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Thursday, July 14, 2016

Can I connect an XAF application to a custom data source (Web service, OData service, NoSQL database, etc.)?

My colleague Michael and I have recently worked on the article clarifying the currently supported data stores for XAF, because from time to time we receive questions like the one above. Even though this is a very basic information, it is still worth checking out even if you already have some XAF experience. Please let me know if there are any questions on this.

XAF is a framework designed to visualize and work with data represented as business or domain objects. The object-relational mapping (ORM) concept is very important here as in our framework you should not normally think of database tables, stored procedures (SP), SQL statements, but rather operate data in an object-oriented manner. Check out the Business Classes vs Database Tables article and information about Domain Driven Design (DDD) to get more inspirations. To access and manipulate objects, queries for all CRUD operations are performed dynamically based on view properties via the IObjectSpace API in a unified way. This design implies certain requirements to the XAF application data source, and makes it difficult to use an arbitrary data service or a specialized database in this role.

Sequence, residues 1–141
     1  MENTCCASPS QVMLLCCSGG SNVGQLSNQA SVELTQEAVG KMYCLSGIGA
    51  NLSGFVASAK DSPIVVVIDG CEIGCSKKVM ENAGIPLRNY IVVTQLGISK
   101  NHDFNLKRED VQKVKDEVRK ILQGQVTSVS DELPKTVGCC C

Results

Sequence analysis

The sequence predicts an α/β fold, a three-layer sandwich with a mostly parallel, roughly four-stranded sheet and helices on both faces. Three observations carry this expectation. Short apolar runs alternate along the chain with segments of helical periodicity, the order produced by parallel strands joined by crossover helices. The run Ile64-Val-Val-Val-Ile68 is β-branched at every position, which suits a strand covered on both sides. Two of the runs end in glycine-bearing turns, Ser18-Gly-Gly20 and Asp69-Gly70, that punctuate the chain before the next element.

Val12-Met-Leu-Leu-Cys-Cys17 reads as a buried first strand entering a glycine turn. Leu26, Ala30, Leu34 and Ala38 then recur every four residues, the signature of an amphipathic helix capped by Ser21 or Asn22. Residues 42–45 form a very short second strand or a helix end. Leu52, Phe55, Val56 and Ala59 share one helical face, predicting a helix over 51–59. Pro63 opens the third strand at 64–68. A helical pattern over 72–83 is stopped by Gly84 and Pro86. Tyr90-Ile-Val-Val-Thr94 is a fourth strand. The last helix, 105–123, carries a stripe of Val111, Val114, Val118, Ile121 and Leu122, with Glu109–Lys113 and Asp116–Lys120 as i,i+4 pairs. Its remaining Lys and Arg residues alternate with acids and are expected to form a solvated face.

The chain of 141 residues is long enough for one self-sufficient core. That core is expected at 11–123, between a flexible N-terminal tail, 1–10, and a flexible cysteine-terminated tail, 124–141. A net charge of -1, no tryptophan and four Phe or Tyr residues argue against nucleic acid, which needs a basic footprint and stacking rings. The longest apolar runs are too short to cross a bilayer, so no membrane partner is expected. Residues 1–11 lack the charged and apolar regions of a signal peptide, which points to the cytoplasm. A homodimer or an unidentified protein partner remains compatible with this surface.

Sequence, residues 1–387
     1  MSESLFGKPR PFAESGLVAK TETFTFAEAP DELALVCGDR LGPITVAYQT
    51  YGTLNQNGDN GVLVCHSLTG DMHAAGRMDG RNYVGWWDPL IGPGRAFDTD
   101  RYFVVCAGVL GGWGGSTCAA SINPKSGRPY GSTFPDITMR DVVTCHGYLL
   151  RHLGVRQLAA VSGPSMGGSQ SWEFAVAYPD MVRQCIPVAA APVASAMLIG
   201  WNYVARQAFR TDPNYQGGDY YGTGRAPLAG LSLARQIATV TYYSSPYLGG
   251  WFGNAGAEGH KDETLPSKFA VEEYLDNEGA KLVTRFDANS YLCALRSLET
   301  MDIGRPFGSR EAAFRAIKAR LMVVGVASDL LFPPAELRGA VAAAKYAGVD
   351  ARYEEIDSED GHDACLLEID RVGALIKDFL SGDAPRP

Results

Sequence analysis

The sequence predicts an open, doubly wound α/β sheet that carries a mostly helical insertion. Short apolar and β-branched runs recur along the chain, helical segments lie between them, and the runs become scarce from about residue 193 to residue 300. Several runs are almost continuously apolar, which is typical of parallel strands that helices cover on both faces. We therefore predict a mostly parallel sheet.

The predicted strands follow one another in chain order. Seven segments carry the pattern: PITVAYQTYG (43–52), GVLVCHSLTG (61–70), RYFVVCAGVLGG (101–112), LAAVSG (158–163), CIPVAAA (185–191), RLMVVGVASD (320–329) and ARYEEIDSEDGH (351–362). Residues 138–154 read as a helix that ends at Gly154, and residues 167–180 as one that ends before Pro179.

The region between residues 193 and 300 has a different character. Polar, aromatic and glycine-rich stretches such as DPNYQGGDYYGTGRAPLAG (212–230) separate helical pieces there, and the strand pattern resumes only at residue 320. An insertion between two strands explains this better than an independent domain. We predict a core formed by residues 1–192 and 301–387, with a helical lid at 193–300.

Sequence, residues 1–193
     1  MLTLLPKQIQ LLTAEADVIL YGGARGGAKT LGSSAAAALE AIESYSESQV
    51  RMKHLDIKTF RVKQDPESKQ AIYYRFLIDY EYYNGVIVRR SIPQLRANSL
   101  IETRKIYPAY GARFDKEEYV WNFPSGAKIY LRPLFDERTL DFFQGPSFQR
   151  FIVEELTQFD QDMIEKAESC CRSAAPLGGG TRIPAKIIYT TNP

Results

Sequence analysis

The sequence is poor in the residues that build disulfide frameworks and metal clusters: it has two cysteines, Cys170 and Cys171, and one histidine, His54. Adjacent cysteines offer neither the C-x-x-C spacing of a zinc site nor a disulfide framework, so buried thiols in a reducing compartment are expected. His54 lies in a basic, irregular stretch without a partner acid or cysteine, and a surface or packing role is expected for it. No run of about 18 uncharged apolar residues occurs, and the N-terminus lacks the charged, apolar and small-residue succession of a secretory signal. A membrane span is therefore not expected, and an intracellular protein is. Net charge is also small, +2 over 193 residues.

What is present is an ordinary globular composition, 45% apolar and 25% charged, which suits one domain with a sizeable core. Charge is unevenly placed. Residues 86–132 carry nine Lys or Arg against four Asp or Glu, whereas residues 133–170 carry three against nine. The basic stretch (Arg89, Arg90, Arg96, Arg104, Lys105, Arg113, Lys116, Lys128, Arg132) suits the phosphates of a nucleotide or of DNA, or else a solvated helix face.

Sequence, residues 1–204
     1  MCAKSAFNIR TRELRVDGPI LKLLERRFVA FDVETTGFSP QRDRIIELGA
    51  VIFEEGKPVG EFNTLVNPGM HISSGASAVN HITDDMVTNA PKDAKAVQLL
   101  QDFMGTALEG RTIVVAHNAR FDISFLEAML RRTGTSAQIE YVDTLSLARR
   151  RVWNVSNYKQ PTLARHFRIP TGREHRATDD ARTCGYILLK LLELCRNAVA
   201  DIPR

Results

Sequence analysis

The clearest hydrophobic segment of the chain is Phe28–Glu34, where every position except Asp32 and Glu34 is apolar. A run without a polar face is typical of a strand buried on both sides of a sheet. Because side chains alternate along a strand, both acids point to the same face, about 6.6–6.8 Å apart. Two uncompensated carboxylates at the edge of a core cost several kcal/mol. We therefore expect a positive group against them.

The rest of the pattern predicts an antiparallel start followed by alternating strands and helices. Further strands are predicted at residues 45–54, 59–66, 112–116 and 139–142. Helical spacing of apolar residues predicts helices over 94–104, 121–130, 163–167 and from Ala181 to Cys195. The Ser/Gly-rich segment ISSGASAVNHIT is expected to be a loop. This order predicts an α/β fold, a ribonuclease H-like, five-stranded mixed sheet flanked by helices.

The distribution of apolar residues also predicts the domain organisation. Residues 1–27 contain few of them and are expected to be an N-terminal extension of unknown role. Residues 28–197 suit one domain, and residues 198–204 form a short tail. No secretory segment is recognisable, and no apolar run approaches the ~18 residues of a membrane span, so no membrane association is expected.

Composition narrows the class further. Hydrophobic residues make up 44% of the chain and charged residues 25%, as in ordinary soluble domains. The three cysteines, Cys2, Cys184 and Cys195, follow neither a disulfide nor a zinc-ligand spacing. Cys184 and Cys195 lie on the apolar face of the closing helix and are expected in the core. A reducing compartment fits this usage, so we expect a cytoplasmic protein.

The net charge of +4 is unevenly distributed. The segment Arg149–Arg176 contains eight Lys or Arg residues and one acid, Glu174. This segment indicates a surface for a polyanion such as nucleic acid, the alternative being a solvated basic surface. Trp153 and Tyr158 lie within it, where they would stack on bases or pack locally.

Currently, XAF supports the XPO  and Entity Framework ORM libraries out of the box with the help of the XPObjectSpace/XPObjectSpaceProvider  and EFObjectSpace/EFObjectSpaceProvider APIs respectively. They allow connecting an XAF application directly to relational databases supported by these libraries. See the Database Engines Supported by XPO and Entity Framework Data Providers articles for more details.

Also, starting with version 16.1, we introduced the XAF Mobile (CTP) Application Platform. It exposes the XAF application database via the standard OData V3 service that can be consumed by the XAF mobile client, as well as by any custom client you may want to create. Refer to the FAQ: New XAF HTML5/JavaScript mobile UI (CTP) article for more details.

If data from any custom data source (even NoSQL) needs to be used in some XAF views (not all, because otherwise ROI from using XAF can be low), without replacing the main XAF application data store, non-persistent or POCO objects can be used to represent this data with the help of theNonPersistentObjectSpace/NonPersistentObjectSpaceProvider  APIs.  Non-persistent data is usually not queried from a database using your ORM data model, and this can be extremely helpful for analysis and reporting data obtained from dynamic runtime calculations, stored procedures, arbitrary SQL queries or third-party services. Also, such a non-persistent POCO class may be required if you want to display a standard XAF List or Detail View with temporary data generated in code or loaded from a custom storage; or display an empty View (dialog) and then process the user input. Refer to examples in the "Business Model Design - Non-Persistent Objects" part of the Task-Based Help topic for more details. Alternatively, you can display and manipulate any custom data with the help of non-XAF forms or fully custom user controls embedded into standard XAF views as described at eXpressApp Framework > Concepts > UI Construction > Using a Custom Control that is not Integrated by Default.